Before state legislators have voted, El Paso County has already watched the area it wants to gain zoning authority over dwindle.
El Paso County commissioners are using their delegations' relationships to push a bill in the Texas House of Representatives and the Texas Senate. The bill was intended to give zoning authority to El Paso County for 60 square miles around the Tornillo Port of Entry.
This week, the county was informed that some of the land belonged to the General Land Office. According to county staffers, 20 square miles belong to the Permanent University Fund. That means the county can't have control over that land.
An additional 5 square miles may be taken off the map. The GLO is researching whether it belongs to the Permanent School Fund.
"This is how they make money," explained Rosemary Neill to the commissioners.
Neill brought the topic up during a weekly explanation of Legislature topics ongoing with the county. Neill told commissioners that it may call for a re-write on how the bill is written.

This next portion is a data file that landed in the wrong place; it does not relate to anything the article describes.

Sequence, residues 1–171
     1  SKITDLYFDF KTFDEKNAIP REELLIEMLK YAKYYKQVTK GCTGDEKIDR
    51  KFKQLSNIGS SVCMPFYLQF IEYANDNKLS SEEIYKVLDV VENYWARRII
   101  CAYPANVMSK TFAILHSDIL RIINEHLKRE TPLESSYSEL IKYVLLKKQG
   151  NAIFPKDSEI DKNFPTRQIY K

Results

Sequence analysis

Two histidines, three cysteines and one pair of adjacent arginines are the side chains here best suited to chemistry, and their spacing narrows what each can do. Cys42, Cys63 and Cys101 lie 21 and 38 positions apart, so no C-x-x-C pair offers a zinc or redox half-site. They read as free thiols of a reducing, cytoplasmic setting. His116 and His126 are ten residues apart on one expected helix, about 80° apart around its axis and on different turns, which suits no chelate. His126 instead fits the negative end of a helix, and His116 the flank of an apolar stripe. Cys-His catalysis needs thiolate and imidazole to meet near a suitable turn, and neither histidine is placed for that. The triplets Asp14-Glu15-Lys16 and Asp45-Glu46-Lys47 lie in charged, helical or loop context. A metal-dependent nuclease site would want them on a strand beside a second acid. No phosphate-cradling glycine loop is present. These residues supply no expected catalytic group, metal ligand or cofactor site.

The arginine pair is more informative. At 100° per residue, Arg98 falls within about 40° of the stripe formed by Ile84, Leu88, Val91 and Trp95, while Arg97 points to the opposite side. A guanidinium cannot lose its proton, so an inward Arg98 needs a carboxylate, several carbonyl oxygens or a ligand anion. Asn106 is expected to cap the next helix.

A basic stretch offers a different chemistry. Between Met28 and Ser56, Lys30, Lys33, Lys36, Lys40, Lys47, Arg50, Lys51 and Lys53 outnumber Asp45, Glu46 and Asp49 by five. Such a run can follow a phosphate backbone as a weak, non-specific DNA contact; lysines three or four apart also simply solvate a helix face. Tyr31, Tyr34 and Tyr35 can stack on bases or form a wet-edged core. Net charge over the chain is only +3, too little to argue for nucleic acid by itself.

Commissioner Vince Perez, who represents the area near Tornillo, said some jurisdiction is better than nothing.
"If you drive through Montana Vista you'll notice lots of junkyards," said Perez. "There are a lot of adult businesses. Not only is it unsightly, but it's not good for residents."
Zoning isn't a power given to counties in Texas. Instead, it's a right only given to municipalities. In the past, 21 other counties have gained zoning in special cases, however, they're only given powers typically in order to protect assets.
Perez points out that the Tornillo Port of Entry is the only border crossing in Texas located in an incorporated area. Without knowing what to expect, he said the county needs to be proactive in protecting the land.